New charges were laid Monday against six people and two companies in relation to the 2013 rail disaster in Lac-Mégantic, Que., and Transport Minister Lisa Raitt says more charges could be on the way.

Six people employed by the rail company at the time of the incident, including its president, are facing two charges each of failing to ensure the train was properly braked before it was left unmanned for the night.

'The point of it all is, we will prosecute those who are to blame in this matter and it doesn't matter how long it takes.' — Transport Minister Lisa Raitt

A conviction carries a maximum fine of $50,000, a maximum jail term of six months, or both.

Montreal Maine & Atlantic Canada Co. and Montreal Maine & Atlantic Canada Railway Ltd. are facing the same charges.

The charges come nearly two years after an MM&A train carrying 72 tanker cars full of oil derailed and exploded in the centre of the Quebec town of Lac-Mégantic, killing 47 people.

The federal government issued a notice saying charges were laid under the Railway Safety Act and the Fisheries Act.

"Transport Canada's investigation under the Railway Safety Act found that an insufficient number of hand brakes were applied to the train and that the hand brakes were not tested properly," the statement said.

The statement also cited Environment Canada's investigation into the depositing of a "deleterious substance into fish-bearing waters with the release of crude oil into the immediate environment of Lac-Mégantic and the Chaudière River."

Investigation continues, Raitt says

Federal Transport Minister Lisa Raitt said the charges show Transport Canada inspectors "took great diligence."

"They did a smart investigation, it took a while," she said Monday on CBC's Power & Politics.

Lisa Raitt

Transport Minister Lisa Raitt says a continuing investigation may result in further charges. (CBC)

Raitt also said there may be more charges on the way, explaining that another investigation is underway pertaining to the Transportation of Dangerous Goods Act.

"You've seen the charges come forth on one, there's still another investigation that is outstanding," she said.

"But the point of it all is, we will prosecute those who are to blame in this matter and it doesn't matter how long it takes."

The six individuals facing charges are: 

  • Robert C. Grindrod, chief executive officer and president.
  • Lynne Labonté, general manager of transportation.
  • Kenneth Strout, director of operating practices.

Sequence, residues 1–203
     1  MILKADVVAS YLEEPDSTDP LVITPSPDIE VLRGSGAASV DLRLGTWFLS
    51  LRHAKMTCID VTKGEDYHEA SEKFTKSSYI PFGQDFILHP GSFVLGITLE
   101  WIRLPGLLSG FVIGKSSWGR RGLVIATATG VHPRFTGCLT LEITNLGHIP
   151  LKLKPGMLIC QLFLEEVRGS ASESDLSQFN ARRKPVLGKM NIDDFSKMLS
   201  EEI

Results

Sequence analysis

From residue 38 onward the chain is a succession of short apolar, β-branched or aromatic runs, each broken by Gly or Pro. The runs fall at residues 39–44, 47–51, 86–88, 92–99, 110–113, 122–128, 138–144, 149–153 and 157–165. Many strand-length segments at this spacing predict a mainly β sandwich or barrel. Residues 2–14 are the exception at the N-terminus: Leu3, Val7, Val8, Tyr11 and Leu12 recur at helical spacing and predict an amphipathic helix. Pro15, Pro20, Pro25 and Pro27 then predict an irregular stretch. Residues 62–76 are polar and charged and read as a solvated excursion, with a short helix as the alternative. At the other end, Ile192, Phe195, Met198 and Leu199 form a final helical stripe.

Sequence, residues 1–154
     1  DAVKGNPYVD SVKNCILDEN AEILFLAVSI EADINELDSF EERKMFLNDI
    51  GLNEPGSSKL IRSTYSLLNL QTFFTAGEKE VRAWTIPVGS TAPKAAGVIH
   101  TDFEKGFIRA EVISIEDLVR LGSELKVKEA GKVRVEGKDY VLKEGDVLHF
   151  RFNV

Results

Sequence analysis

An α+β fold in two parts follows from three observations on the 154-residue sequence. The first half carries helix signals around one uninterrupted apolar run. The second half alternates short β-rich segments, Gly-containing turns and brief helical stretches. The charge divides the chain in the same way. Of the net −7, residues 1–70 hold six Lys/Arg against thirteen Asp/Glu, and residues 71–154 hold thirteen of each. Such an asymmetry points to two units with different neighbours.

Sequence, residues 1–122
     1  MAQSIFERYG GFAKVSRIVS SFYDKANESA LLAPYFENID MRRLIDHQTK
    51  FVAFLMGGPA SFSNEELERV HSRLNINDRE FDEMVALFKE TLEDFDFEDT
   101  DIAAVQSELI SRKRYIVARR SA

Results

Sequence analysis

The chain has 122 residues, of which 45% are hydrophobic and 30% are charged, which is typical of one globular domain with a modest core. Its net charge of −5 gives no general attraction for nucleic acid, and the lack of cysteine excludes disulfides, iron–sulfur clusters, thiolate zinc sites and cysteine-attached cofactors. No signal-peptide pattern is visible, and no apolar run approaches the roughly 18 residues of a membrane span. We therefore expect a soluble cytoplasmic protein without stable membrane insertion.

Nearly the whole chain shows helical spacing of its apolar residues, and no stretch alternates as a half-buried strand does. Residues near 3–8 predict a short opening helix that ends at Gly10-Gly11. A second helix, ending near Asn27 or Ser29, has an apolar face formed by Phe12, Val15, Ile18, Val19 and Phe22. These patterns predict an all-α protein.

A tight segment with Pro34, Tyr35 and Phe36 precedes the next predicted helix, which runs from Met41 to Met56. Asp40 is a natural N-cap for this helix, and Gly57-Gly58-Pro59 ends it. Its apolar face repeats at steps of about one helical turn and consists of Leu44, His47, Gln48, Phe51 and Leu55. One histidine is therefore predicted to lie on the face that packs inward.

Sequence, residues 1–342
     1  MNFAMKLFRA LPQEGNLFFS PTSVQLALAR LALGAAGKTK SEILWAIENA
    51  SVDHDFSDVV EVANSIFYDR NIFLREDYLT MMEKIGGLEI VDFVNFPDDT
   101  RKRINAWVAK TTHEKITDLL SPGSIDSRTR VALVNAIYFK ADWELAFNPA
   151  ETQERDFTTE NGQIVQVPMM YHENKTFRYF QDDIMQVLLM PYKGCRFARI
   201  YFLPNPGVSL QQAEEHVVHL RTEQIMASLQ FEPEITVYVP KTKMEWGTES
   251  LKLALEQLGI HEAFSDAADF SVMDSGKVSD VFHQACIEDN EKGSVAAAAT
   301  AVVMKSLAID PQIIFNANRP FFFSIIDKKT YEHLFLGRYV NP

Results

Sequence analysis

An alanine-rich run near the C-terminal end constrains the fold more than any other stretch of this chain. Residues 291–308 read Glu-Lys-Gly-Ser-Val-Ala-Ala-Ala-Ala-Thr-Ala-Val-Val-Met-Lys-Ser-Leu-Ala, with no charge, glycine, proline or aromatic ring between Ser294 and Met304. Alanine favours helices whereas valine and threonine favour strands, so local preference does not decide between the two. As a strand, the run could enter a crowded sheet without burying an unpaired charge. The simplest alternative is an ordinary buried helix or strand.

• Mike Horan, assistant director.
  • Jean Demaître, manager of train operations.
  • Thomas Harding, train engineer.

Those six, along with railway traffic controller Richard Labrie, each face a federal Fisheries Act charge for the crude oil that flowed into Lac-Mégantic and the Chaudière River after the accident. The maximum penalty on that charge is a $1-million fine.

All those charged will appear in court in Lac-Megantic on Nov. 12.

Harding, Demaître and railway traffic controller Richard Labrie were previously charged with 47 counts of criminal negligence causing death.

Thomas Walsh, the lawyer representing Harding, questioned the timing of the charges.

"Why them? Why now?" Walsh said.

"We're nearing the second anniversary, and Transport Canada is obviously trying to look active, trying to look like they're doing something."


The charges as they appear on the summons:

(1)  On or about July 5th, 2013, did contravene Rule 112(a) of the Canadian Rail Operating Rules (CROR), in force pursuant to section 19 of the Railway Safety Act (RSA), R.S.C. (1985), c. 32 (4th Supp.), by omitting to apply a sufficient number of hand brakes when leaving equipment, to prevent it from moving, contrary to paragraph 41(2)(d) of the RSA, committing thereby an offence punishable on summary conviction pursuant to paragraph 41(2.1) of the Railway Safety Act.

(2)  On or about July 5th, 2013, did contravene Rule 112(b) of the Canadian Rail Operating Rules (CROR), in force pursuant to section 19 of the Railway Safety Act (RSA), R.S.C. (1985), c. 32 (4th Supp.), by omitting, after applying hand brakes, to ensure that a sufficient retarding force was present to prevent the equipment from moving, contrary to paragraph 41(2)(d) of the RSA, committing thereby an offence punishable on summary conviction pursuant to paragraph 41(2.1) of the Railway Safety Act.